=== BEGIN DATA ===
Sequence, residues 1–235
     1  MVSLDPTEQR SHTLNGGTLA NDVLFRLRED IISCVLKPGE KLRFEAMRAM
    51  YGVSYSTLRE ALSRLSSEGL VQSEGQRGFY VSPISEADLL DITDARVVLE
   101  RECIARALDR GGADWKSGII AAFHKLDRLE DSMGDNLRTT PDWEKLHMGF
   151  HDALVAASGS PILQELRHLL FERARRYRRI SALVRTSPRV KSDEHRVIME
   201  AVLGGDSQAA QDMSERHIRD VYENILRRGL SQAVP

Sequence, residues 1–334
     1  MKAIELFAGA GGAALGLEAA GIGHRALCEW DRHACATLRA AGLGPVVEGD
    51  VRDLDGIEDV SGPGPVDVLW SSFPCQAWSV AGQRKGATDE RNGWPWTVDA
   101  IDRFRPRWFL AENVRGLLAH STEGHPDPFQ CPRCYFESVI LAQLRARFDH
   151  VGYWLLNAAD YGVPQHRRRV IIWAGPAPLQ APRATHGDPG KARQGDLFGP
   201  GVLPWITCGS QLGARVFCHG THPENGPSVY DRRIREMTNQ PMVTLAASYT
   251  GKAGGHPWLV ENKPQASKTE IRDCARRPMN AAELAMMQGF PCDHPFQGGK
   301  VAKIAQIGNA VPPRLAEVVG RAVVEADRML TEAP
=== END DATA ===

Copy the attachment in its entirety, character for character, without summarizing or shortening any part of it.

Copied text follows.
Sequence, residues 1–235
     1  MVSLDPTEQR SHTLNGGTLA NDVLFRLRED IISCVLKPGE KLRFEAMRAM
    51  YGVSYSTLRE ALSRLSSEGL VQSEGQRGFY VSPISEADLL DITDARVVLE
   101  RECIARALDR GGADWKSGII AAFHKLDRLE DSMGDNLRTT PDWEKLHMGF
   151  HDALVAASGS PILQELRHLL FERARRYRRI SALVRTSPRV KSDEHRVIME
   201  AVLGGDSQAA QDMSERHIRD VYENILRRGL SQAVP

Sequence, residues 1–334
     1  MKAIELFAGA GGAALGLEAA GIGHRALCEW DRHACATLRA AGLGPVVEGD
    51  VRDLDGIEDV SGPGPVDVLW SSFPCQAWSV AGQRKGATDE RNGWPWTVDA
   101  IDRFRPRWFL AENVRGLLAH STEGHPDPFQ CPRCYFESVI LAQLRARFDH
   151  VGYWLLNAAD YGVPQHRRRV IIWAGPAPLQ APRATHGDPG KARQGDLFGP
   201  GVLPWITCGS QLGARVFCHG THPENGPSVY DRRIREMTNQ PMVTLAASYT
   251  GKAGGHPWLV ENKPQASKTE IRDCARRPMN AAELAMMQGF PCDHPFQGGK
   301  VAKIAQIGNA VPPRLAEVVG RAVVEADRML TEAP